Critical Hit | Paid Mods, A Retrospective

By Ian Soltes 03.04.2016 01:22 3

In 2015, Steam decided to launch a bold new, experimental, system. For years, people had been allowed to sit down and create their own, unique, content to be distributed to other members at will. Now the notion of paying those creators back with real money was around, though, people were not happy. Was it right to lash out, though? Is it time for a change? Critical Hit takes a closer look at the situation…

I will not lie, when the idea of paying for user-created mods came out, I was outraged. For those not in the know, a 'mod' (short for modification) is user-made content made to alter the experience. Imagine if someone wanted to play Bejeweled but replace the gems with various national flags. Normally a DLC for that would not exist. However, with a bit of programming skill they could alter the game so that instead of rubies, diamonds, and the like, the flags of America, UK, and Canada would appear. These mods can range from simple re-skins to full-on expansion-sized content, as well as even outright game overhauls and patches.

The thing is, though, that no one actually pays for these. Almost all of them are distributed via third-party websites or the Steam Workshop, and there is rarely an entry fee, let alone payment for individual mods. Steam, at least in theory, wanted to change that by making it so that users would pay for at least some mods, with the developers getting a bit of cash back. People were outraged and it was completely understandable.

When I was outraged, the problems were obvious… and they still are today. On the most basic level, there is never a guarantee that a mod will ever actually work, especially if the game is running a multitude of mods already. Game scripts will conflict in ways the makers probably didn't even realise were possible. Things will bug out and possibly not even work at all, and sometimes a mod just won't run. Maybe a later patch changed something and the developer doesn't know how to fix it, doesn't care, or isn't even supporting the mod anymore. Even a generous return policy won't help because the problem may not even be self-evident at first, especially if a lot of mods were bought at once. One could, for example, and in theory at least, buy a skin for a weapon obtained late in the game… except they are early in the game. Even with a week-long returns policy, it could be a month before they even got to that weapon and found out that the skin either didn't work or replaced the sword skin that they wanted with a horse. The returns policy has long since expired and the only choice left is to turn the mod off and sigh…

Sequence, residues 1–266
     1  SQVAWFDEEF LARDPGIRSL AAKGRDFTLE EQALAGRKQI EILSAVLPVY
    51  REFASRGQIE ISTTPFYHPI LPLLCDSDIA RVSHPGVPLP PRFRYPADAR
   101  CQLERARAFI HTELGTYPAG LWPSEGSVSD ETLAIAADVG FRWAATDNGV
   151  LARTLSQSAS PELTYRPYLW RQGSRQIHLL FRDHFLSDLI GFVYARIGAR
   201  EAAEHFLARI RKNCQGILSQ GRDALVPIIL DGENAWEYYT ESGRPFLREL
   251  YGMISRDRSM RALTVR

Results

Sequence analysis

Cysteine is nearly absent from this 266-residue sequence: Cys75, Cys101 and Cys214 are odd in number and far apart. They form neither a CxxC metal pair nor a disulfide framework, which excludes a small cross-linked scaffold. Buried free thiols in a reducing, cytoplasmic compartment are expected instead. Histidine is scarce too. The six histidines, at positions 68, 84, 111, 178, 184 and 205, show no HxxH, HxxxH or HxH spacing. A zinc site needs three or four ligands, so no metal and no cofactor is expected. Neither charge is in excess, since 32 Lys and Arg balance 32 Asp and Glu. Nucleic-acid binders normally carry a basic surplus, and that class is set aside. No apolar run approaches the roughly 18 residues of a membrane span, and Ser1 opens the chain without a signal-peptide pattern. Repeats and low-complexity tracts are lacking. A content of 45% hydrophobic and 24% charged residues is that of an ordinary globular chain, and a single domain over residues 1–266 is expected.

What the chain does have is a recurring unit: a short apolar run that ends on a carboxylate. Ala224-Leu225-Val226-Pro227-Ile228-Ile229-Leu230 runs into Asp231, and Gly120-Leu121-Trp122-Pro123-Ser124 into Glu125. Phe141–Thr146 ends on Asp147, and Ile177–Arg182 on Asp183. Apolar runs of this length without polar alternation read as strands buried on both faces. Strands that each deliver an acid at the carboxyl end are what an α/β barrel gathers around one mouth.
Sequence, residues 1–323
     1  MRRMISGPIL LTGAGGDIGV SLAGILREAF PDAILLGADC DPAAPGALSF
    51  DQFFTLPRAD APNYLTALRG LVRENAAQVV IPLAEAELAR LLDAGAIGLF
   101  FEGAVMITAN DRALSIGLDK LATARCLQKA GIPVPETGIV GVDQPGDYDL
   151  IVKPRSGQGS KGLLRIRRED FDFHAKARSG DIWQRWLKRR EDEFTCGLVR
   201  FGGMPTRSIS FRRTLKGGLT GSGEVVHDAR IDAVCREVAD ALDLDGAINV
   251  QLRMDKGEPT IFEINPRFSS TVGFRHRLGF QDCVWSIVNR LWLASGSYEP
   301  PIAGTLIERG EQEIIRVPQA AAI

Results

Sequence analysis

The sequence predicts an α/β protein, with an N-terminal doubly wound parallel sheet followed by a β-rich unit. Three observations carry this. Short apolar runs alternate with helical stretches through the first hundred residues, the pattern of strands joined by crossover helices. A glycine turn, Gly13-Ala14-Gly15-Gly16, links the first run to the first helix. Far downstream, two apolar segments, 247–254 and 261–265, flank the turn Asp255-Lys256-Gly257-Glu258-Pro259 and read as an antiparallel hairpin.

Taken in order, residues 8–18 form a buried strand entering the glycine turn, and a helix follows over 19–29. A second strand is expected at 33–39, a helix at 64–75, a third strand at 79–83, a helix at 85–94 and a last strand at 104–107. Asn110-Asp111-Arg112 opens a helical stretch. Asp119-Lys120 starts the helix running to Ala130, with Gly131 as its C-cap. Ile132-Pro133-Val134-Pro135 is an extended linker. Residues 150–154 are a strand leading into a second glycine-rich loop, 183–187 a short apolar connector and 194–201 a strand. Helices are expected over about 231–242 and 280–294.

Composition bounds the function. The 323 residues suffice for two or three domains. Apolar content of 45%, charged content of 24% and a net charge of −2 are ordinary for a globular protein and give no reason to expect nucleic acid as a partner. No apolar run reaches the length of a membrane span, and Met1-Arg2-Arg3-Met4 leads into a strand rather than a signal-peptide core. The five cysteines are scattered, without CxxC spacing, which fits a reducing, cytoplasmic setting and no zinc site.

With other mods it becomes even harder. One of my favourites is for Civilization V, which changes the very core mechanics to reflect Hyperdimension Neptunia in at least some ways. The problem is that this conflicts with another mod I own that adds a new age to the game and, as a result, when both mods are active, the game simply doesn't work. How do I fix it? Can't be done… except by turning one off.

Next-up would be the fact that some mods simply wouldn't be worth the few cents used to buy them. When the shop was launched, there were already stupidly over-priced items meant for only one purpose that wasn't even hidden behind a thin veil: to earn the developer money (and see how willing some Steam members might be to buy anything). Buying a great mod that actually adds something valuable to the game might be worth it, but blowing any more than a few coins on something that just re-skins a weapon or item? Almost no one would even consider it worthwhile unless it was a seriously great re-skin.

Then there would be the issue of rip-off items. It might be awesome to replace a horse with a motorcycle, but if there is a free mod that does the same thing, or something similar, the paid mod is then only for suckers who can't be bothered to look it up… or worse. Worse, in that the person who made the paid mod can force the person with the free mod to take it down and, possibly, be sued. Suddenly, riding across the virtual world in a motorcycle has gotten you in a courtroom in the real world for riding a bike you don't even own!

Finally, to top it all off, some mods require other mods to even work in the first place! Paying for a mod to let your character back-flip might seem okay at first but then you discover that not only does it not work, but in order to make it work you have to buy a much more expensive mod that alters character skeleton set-ups. That sounds horrible!